More than two years after a Jurong West market burned down, its replacement was given its official opening yesterday. The new $6.2 million two-storey market, eating house and community complex - known as Jurong Central Plaza - is located in Jurong West Street 41, the same site as its predecessor.
The complex features a more spacious, 547 sq m market with 35 stalls and a 437 sq m coffee shop with 13 stalls on the ground floor.
The second storey houses an active ageing hub that consists of a senior activity centre, an eldercare centre and an open space for activities.
In 2016, Lim Ying Siang, then 41, was charged with setting fire to styrofoam boxes at the market at Block 493, with the knowledge that it would likely destroy it.
The fire in the early hours of Oct 11, 2016, razed a wet market and coffee shop to the ground, affecting the livelihood of stallholders and forcing residents to shop elsewhere. A temporary market was constructed opposite Block 495.
"This project started off when we had a big problem," noted Deputy Prime Minister Tharman Shanmugaratnam, who was guest of honour at the launch of the new complex.
"But this project shows that no problem is too big when we work together with one heart."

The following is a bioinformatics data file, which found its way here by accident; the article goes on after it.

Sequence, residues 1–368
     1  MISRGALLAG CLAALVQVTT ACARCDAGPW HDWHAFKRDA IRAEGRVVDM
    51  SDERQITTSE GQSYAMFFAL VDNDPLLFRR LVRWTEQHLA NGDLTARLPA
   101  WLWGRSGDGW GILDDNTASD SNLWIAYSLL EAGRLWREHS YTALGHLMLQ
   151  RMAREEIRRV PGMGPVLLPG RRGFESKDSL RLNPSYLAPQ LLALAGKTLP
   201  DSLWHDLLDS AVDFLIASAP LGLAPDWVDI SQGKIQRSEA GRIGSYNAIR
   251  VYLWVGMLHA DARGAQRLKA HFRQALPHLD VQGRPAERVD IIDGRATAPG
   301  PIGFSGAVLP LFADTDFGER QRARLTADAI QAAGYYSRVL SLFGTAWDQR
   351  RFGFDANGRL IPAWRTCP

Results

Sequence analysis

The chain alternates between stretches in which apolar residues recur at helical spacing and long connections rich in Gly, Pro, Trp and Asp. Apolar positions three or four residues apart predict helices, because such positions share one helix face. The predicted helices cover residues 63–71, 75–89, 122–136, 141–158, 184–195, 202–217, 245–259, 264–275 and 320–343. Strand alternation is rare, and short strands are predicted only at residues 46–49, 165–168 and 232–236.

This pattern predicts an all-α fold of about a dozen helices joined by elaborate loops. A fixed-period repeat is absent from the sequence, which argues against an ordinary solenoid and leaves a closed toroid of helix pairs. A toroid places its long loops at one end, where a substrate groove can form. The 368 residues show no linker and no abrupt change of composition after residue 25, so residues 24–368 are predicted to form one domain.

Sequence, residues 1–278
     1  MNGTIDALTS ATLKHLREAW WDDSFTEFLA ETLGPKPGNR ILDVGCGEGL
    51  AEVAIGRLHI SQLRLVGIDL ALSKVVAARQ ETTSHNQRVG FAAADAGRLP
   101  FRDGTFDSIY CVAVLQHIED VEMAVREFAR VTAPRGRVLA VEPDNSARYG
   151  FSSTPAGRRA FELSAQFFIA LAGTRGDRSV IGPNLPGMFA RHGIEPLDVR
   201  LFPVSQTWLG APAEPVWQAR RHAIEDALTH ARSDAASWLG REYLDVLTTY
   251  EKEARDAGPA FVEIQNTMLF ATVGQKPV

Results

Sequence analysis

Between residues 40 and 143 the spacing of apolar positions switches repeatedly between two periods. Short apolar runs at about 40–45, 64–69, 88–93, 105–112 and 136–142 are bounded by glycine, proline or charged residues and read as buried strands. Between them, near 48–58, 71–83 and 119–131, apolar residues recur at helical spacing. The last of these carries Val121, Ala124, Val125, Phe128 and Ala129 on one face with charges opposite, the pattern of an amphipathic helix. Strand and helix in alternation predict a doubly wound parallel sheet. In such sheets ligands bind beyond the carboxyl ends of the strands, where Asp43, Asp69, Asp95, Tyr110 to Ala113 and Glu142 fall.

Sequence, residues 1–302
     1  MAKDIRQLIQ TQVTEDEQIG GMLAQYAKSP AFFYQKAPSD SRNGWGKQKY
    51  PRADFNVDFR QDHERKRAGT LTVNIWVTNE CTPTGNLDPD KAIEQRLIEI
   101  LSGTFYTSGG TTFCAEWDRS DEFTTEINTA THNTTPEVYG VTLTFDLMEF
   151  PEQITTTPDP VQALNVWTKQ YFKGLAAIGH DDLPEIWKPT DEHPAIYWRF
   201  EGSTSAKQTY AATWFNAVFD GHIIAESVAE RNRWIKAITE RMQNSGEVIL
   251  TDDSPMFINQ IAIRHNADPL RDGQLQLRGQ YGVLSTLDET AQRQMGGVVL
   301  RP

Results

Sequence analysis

There is an arrangement now for market stallholders to donate meat and vegetables so that volunteers can cook and serve free lunches upstairs for needy senior citizens every Thursday.
Residents said they liked the ventilation and wide corridors in the new complex.
"It is very convenient here because everything is under one roof, but some of the food prices in the coffee shop have gone up," said former taxi driver B. Tan, 76.
Some market stallholders also said their rents seemed to have gone up.
Madam Jeo Li Yan, 56, who sells meat, said her rent has risen from $800 to $1,200 a month.
Jurong GRC MP Ang Wei Neng clarified that rents per sq m have remained the same but some stall owners may be paying more because they have been allocated a larger space.
The proximity of the market to the active ageing hub, which will start operating in the second quarter of this year, not only makes various services more accessible to the elderly but also allows for collaborations.
For instance, there is an arrangement now for market stallholders to donate meat and vegetables so that volunteers can cook and serve free lunches upstairs for needy senior citizens every Thursday.
Mr Ang said: "Each stallholder will donate about $5 to $10 worth of what they are selling so that it is not a lot for each stallholder but it all adds up and enables it to be sustainable and meaningful for residents."